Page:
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A Sextet for Unusual Instruments

October 3, 2011 by Reader's Connection

Cloud AtlasI often remember reading certain books in certain places. I began the 19th-century sea journal of Adam Ewing, for example, at the Dunkin´ Donuts at Conseco Fieldhouse. And I was up at the Costco on Michigan Road, waiting for rear tires to be put on my car, when I read some climactic battle scenes in a far-future novel (with science fiction elements) set in Hawaii.

Lest I mislead you, I should say right away that these two books are the same book. David Mitchell’s Cloud Atlas is six books in one. In addition to the two I’ve mentioned, there’s a book of letters and a thriller and a couple of other things. I’m not sure how many centuries they span.

Yet all the books-within-a-book (or BWABs) are interrelated in intriguing ways. A character in one of the BWABs has misadventures that are made into a movie which is viewed in another BWAB, and a character from that BWAB becomes some sort of deity in another. A musician in one BWAB composes the Cloud Atlas Sextet, a recording of which enchants another BWAB’s hero.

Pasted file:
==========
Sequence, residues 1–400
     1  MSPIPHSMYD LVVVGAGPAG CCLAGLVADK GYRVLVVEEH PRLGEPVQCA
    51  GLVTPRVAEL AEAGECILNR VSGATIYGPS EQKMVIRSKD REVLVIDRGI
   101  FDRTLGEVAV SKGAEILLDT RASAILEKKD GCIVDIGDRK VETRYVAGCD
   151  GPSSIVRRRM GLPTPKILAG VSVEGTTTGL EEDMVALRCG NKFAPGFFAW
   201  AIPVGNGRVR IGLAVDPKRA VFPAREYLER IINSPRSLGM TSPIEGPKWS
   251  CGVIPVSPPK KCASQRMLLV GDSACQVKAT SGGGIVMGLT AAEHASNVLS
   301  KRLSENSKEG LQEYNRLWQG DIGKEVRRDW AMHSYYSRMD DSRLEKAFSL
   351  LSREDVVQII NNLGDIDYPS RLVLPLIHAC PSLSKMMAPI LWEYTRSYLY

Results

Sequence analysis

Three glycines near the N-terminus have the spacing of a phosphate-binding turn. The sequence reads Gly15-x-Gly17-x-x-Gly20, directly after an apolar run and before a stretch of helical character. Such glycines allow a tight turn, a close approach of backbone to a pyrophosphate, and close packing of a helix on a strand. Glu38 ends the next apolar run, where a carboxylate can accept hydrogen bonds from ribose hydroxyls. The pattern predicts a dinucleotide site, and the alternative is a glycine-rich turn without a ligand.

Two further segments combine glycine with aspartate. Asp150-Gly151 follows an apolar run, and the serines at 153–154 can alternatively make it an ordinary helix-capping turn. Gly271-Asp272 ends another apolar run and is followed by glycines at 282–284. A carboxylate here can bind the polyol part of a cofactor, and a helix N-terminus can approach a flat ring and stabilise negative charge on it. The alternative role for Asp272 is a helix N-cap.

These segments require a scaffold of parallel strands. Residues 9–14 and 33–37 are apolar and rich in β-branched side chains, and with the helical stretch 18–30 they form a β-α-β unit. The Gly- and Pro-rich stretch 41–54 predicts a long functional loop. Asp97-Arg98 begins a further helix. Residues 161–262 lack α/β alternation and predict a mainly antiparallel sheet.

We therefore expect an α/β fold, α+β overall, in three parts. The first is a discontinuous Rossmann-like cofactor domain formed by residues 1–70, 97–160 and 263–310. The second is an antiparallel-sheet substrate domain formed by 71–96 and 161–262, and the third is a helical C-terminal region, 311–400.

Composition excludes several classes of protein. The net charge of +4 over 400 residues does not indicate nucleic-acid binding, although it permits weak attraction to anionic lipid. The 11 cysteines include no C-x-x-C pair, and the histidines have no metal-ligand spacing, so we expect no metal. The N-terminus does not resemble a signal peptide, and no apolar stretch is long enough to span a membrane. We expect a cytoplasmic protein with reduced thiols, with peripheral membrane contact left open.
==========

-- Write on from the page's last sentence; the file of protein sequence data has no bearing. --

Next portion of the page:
Despite what sounds like a bunch of narrative trickery, I was surprisingly involved with some of the characters–covering the page with my hand, up at Costco, so I wouldn’t learn too soon if one BWAB’s narrator was going to make some terrible decision–and surprisingly moved by Mitchell’s treatment of the theme of freedom and its various opposites. And I laughed a lot. Since Adam Ewing’s sea journey takes place during the California gold rush, it’s appropriate to say that Mitchell has created a mother lode.

(More recently, Mitchell wrote  The Thousand Autumns of Jacob de Zoet, about which I raved last December.)